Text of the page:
Türkiye remembers Ertuğrul, iconic forefather of Ottomans.


Details of his life are scarce but Ertuğrul Ghazi, the father of the Ottoman Empire’s founder Osman I, is a much revered figure in Turkish culture. On Friday, a three-day event celebrating and commemorating him kicked off in Söğüt, the informal birthplace of the Ottoman Empire where Ertuğrul’s tomb is located.

Local authorities, including the governor of Bilecik province where Söğüt is now located, paid a visit to the tomb, guarded by soldiers dressed as “alps” or comrades-in-arms of Ertuğrul and later Osman, before the empire had a fully formed army. After a traditional change of guards at the tomb, a wreath was laid in an area where a monument is erected in memory of Ertuğrul and the alps, before a minute of silence and the recitation of the national anthem.

Celebrations and remembrance will continue on Saturday and Sunday with a wrestling tournament, folk dance performances and concerts, including one by a mehter Ottoman military band in Söğüt. Horseback archers, javelin throwers and archers will also perform stunts in memory of the Ottomans’ forefather.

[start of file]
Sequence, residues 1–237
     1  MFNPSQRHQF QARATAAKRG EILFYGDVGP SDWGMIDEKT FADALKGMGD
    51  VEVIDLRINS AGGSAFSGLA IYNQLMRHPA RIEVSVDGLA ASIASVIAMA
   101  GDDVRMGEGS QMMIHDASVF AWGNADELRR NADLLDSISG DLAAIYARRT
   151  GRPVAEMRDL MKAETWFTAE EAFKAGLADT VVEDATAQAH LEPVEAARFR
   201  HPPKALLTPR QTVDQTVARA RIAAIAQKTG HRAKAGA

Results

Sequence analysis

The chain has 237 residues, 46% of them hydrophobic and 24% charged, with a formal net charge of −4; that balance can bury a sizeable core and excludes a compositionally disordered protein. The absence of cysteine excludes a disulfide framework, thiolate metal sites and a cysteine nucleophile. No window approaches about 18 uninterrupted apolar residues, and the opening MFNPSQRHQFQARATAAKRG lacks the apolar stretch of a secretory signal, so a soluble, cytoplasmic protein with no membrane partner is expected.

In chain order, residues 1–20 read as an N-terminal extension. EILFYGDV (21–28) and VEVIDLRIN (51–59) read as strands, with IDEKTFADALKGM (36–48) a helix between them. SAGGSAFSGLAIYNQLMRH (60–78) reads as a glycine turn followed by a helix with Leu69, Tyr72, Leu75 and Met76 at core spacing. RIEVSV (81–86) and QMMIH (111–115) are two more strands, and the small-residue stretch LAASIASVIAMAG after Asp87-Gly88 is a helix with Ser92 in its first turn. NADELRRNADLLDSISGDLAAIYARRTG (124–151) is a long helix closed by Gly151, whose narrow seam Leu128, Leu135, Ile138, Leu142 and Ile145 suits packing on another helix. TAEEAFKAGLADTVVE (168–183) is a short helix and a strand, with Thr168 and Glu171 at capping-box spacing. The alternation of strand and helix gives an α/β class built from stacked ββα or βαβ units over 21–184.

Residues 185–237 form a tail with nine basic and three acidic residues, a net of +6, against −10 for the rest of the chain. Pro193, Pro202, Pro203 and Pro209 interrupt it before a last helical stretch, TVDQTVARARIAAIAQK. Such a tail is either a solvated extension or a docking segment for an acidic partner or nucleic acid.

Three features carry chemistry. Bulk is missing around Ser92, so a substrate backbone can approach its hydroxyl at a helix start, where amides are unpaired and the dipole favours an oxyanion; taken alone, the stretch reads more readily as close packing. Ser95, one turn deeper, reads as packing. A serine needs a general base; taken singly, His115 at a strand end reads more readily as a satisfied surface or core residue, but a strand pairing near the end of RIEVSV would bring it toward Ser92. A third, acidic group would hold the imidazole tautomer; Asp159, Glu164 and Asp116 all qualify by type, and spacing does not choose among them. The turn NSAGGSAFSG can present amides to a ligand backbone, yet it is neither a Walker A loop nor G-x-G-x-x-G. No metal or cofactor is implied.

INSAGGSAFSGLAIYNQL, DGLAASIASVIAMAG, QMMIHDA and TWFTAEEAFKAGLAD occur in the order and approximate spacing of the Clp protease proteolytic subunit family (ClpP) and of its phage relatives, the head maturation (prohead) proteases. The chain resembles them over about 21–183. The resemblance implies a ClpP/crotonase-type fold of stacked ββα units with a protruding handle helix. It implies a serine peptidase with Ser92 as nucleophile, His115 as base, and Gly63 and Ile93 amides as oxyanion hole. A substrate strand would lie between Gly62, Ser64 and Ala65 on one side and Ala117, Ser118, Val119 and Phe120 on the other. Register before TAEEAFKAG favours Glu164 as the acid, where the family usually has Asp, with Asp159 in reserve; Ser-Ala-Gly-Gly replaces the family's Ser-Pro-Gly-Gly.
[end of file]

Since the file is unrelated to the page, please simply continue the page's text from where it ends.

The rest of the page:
Ertuğrul was the leader of the Kayı tribe which the Ottomans originated from. His exact birth date or date of death is not known but historians predict he lived between 1189 and 1281.

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Hailing from Asia, the Kayı tribe first settled in Karacadağ, located today in the capital Ankara, after the Seljuk sultan allocated them the land. In 1230, the tribe relocated to a region which is now located between Söğüt and Domaniç, a district of Kütahya province. He is credited with uniting hundreds of thousands of Turkic people who were living scattered across Anatolia, something that would ultimately lead to the foundation of the Ottoman Empire. A few centuries later, the Ottomans would go on to topple the Byzantine Empire and cement centuries of Ottoman rule in present-day Türkiye and beyond.

Ertuğrul Ghazi’s success is attributed to his good relations with tekfurs, a name given to local rulers of the Byzantine Empire around the regions where the Kayı lived.

Centuries later, interest in his legacy was revived thanks to the wildly popular “Diriliş Ertuğrul” or “Resurrection Ertuğrul,” which also paved the way for similar historic TV shows like “Kuruluş Osman” (The Ottoman).





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